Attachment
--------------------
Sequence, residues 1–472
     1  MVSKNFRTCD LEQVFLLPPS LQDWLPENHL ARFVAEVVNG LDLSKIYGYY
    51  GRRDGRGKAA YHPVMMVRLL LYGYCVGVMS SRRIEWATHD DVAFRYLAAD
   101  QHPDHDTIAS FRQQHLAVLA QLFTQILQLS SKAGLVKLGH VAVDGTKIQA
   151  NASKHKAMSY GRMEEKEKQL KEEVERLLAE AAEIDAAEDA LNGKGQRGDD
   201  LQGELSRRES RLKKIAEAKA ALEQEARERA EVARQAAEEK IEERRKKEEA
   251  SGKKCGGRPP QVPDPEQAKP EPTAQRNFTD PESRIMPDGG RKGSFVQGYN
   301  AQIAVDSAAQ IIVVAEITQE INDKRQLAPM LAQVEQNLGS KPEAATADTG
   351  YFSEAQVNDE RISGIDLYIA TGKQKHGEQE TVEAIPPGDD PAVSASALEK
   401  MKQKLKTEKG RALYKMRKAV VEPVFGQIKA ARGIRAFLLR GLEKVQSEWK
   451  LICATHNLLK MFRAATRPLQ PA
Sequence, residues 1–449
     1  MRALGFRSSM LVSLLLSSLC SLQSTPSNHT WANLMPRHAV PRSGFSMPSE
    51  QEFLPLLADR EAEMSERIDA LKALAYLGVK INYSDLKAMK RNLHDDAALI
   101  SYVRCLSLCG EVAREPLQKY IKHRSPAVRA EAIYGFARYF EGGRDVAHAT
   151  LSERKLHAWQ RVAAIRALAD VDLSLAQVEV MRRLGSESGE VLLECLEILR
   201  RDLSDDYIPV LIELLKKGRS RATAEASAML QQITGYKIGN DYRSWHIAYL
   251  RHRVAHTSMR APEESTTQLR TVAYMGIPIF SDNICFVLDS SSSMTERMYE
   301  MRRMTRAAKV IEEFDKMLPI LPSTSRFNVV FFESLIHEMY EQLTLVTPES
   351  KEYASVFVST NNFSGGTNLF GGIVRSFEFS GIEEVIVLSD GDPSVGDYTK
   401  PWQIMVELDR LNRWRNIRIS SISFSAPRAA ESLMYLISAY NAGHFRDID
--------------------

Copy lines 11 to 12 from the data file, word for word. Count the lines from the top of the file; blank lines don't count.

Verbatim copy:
   451  LICATHNLLK MFRAATRPLQ PA
Sequence, residues 1–449